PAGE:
A friend asks have I encountered racism
due to the pandemic, after reading about attacks on women
& elderly citizens of Asian descent. I said no,
and after a pause, I don’t usually walk alone anymore.
Only with my white boyfriend, so I can borrow his skin
like a coat, wrap it tight round my neck.
I thought of the week after the election: walking home
as usual, alone in the dark, a truck’s high beams speeding
towards me; startled by a shout from the open window
go back where you came from, cunt. I’d almost forgotten
I will never belong here. My parents’ scoff, you will always have
a Chinese face. This impersonal rage familiar and foreign as home.
Like my last childhood house, the only place we lived
for more than a year. Everything white like a hospital sheet,
so empty and quiet I whispered when friends came over.
I’d wanted to paint my bedroom walls a color, any color,
but my parents said no, they’d just have to be repainted
when we move. They kept plastic on the sofa for protection;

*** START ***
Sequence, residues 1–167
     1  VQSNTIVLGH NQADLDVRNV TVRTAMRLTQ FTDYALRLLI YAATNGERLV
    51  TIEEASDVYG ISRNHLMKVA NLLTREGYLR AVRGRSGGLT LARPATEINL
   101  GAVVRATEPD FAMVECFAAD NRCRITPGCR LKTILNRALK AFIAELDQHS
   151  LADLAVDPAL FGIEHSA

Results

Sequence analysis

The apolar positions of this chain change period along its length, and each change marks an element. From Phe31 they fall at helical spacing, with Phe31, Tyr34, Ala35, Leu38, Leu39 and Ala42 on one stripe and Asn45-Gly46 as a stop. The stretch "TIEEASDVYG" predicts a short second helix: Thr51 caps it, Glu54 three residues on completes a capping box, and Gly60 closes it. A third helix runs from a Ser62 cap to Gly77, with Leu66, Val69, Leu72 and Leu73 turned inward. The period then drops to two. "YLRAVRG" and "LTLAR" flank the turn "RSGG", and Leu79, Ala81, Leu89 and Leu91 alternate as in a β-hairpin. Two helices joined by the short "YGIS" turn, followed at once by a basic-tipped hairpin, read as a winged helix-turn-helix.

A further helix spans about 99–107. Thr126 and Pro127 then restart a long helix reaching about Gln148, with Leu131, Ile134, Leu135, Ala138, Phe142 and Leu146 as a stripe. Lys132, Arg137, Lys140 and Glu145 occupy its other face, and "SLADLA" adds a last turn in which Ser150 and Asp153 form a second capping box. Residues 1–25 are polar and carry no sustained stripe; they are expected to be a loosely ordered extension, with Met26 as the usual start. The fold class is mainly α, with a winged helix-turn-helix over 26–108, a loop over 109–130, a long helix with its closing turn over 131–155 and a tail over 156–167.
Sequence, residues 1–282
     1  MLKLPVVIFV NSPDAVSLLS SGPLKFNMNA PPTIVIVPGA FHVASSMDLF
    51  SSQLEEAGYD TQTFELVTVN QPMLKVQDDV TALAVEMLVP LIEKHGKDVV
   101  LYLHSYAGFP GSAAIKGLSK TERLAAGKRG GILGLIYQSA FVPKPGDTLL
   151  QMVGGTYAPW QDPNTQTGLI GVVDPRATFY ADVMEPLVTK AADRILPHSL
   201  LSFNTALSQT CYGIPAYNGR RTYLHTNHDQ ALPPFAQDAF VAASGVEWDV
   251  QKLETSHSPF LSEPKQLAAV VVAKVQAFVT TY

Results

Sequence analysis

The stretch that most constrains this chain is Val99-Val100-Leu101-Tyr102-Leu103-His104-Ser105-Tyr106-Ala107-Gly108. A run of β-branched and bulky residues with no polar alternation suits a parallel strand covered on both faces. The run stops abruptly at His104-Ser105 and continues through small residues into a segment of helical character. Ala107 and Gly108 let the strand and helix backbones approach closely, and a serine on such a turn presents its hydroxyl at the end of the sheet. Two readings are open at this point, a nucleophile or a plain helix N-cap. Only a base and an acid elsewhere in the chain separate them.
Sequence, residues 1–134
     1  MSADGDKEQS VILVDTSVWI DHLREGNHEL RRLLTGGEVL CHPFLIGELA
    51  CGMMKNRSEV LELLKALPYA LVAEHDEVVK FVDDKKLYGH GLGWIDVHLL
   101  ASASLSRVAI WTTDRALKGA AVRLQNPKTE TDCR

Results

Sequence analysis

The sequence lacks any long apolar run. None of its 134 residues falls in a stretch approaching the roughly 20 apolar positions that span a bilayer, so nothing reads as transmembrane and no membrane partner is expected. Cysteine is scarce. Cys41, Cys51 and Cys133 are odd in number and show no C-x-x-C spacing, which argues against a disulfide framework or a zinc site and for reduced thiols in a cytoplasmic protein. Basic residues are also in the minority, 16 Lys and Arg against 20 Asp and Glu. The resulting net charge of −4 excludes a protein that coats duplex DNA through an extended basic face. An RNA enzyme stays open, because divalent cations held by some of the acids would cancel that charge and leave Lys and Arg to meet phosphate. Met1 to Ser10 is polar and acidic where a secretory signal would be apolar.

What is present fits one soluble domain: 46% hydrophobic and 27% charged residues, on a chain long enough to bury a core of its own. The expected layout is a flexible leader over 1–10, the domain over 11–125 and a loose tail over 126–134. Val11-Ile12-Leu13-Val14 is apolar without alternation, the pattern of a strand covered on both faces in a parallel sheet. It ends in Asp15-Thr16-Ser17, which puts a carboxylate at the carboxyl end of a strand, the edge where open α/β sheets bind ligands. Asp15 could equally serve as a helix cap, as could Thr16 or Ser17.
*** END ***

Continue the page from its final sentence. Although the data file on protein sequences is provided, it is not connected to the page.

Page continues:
I hated how the plastic stuck to bare legs, so I picked it off
like sunburned skin; within days, my jeans stained the cream
pleather a dirty blue—what happens when you try
to do things the American way. Worse, the bare sofa still stuck
to sweaty summer legs, chilled my green winter core.
How could I have forgotten not to be comfortable.
JENNY QI is the author of Focal Point (forthcoming 2021), winner of the 2020 Steel Toe Books Poetry Award. Her essays and poems have appeared in The New York Times, Tin House, Rattle, and elsewhere, and she has received fellowships from Tin House, Omnidawn, Kearny Street Workshop, and the San Francisco Writers Grotto. She grew up in Las Vegas and now resides in San Francisco, where she completed her PhD in Cancer Biology.
Link to Table of Contents.